Oregon Astronomy: Portland, Coast Can See Dance of Planets
Earth – and Oregon and its coast – are about to witness a rare planetary conjunction, nicknamed the “Dance of the Planets.” (Above: stars near Cannon Beach)
It will reach its climax between now and May 29, as Mercury, Venus and Jupiter get much closer to each other and appear to engage in a kind of interplanetary dance. They will come as close as within five degrees of each other – but later getting within one degree on May 28 and 29.
Then, on May 31, all three planets will align into a straight line and begin to move away from each. (Above: Manzanita)
NASA says to look to the western sky at sunset on these days – which may be a bit difficult on some days in Oregon during the next week, as the weather won't allow you to do so on every day of the week. However, this gives more reasons to check out the sunsets on the Oregon coast and keep an eye on those skies just afterward.
The best time to view these interstellar dances is a half hour to an hour after sunset.
Venus, Jupiter and Mercury are the brightest planets visible on Earth. NASA said this triple conjunction is fairly rare, with the last one having occurred in 2011. The next one won't happen until 2015. (Above: Depoe Bay)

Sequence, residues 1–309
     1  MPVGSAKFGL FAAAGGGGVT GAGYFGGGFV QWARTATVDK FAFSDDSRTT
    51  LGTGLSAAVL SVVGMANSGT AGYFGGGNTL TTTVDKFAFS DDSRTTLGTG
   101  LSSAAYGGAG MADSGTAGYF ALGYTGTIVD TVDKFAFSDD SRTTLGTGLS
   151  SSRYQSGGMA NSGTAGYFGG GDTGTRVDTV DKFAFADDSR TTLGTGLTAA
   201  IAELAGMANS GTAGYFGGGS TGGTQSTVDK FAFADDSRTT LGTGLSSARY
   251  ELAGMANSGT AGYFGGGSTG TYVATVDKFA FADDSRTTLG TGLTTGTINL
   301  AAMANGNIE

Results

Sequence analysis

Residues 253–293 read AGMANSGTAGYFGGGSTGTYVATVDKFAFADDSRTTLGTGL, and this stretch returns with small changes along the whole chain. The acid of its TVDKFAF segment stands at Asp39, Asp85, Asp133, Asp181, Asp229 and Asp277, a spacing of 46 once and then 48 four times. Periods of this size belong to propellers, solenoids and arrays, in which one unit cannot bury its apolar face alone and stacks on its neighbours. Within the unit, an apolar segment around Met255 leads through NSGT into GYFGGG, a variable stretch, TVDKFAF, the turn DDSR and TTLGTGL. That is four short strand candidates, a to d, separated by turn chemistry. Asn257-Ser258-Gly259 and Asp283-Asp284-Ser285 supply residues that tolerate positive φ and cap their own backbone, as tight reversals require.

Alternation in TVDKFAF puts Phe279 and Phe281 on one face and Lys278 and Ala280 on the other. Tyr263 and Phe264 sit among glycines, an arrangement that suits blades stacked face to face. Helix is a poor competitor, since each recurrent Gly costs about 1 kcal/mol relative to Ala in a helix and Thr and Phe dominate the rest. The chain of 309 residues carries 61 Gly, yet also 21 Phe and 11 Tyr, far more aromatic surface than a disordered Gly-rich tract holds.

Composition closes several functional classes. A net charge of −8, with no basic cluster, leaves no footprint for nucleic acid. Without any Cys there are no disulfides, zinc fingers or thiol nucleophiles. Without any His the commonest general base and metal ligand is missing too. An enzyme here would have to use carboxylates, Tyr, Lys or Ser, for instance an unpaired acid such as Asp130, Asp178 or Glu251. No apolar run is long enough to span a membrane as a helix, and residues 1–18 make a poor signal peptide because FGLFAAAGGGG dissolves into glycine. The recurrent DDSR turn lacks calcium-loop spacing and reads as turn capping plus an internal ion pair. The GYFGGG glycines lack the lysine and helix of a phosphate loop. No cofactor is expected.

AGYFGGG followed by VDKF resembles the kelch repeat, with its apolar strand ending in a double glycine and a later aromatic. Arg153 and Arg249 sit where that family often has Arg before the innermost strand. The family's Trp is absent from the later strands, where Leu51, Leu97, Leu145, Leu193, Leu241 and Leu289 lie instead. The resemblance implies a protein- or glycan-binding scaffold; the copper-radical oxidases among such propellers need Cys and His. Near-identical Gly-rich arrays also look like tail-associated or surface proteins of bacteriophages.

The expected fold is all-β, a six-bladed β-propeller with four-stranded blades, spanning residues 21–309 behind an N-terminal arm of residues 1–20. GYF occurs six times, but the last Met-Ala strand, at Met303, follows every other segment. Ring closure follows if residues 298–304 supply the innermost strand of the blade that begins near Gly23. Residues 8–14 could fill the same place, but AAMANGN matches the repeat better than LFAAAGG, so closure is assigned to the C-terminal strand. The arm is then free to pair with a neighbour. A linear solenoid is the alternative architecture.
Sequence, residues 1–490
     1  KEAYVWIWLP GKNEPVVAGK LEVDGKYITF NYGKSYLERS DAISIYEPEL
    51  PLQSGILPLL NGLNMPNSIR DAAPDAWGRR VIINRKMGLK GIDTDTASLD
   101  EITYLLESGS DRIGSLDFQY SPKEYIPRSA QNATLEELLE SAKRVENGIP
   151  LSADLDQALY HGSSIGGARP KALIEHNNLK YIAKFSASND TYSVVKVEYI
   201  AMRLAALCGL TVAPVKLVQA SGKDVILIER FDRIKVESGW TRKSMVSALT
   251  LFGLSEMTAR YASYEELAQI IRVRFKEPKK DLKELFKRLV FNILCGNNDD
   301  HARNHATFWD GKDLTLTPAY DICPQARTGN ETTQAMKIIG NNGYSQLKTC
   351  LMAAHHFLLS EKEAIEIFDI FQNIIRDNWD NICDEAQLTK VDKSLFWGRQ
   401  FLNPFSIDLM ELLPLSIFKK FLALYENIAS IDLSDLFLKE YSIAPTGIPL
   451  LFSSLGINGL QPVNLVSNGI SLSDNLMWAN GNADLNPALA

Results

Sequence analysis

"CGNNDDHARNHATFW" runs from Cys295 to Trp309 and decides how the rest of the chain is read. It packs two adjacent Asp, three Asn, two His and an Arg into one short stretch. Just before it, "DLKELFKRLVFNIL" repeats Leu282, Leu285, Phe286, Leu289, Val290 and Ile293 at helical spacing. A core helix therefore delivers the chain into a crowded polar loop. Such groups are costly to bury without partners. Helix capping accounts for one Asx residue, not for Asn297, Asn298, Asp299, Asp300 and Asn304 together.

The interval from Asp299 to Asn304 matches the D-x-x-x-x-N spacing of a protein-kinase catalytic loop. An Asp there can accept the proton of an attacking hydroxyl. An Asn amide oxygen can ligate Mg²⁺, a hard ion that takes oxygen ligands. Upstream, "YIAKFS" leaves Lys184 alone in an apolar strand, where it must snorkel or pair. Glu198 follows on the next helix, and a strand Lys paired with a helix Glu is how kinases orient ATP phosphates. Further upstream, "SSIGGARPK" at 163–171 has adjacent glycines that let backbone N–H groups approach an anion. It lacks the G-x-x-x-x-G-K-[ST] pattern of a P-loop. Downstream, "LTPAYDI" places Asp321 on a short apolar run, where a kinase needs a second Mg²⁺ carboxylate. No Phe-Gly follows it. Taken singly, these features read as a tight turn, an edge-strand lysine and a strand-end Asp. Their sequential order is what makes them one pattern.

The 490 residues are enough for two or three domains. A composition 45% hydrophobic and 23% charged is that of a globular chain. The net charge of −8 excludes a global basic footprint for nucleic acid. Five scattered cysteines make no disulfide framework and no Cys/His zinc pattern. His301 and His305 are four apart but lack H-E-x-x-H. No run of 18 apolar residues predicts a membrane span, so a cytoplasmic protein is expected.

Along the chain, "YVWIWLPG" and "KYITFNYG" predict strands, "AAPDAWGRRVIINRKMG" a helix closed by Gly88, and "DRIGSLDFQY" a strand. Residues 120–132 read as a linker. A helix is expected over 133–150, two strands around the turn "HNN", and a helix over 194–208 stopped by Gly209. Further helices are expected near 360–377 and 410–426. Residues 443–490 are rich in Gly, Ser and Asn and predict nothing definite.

Those in Portland and other larger Oregon cities will also get good views. NASA said these are bright enough to be quite visible even in areas where street lights can interfere with normal star viewing.
See Oregon coast weather conditions and forecasts here, including the individual predictions for Astoria, Seaside, Cannon Beach, Manzanita, Wheeler, Rockaway Beach, Garibaldi, Tillamook, Oceanside, Pacific City, Lincoln City, Depoe Bay, Newport, Waldports and Yachats.
Above: stars and sundown near Yachats.
Night scene above Newport.
Pacific City at night.
Rockaway Beach and the stars.
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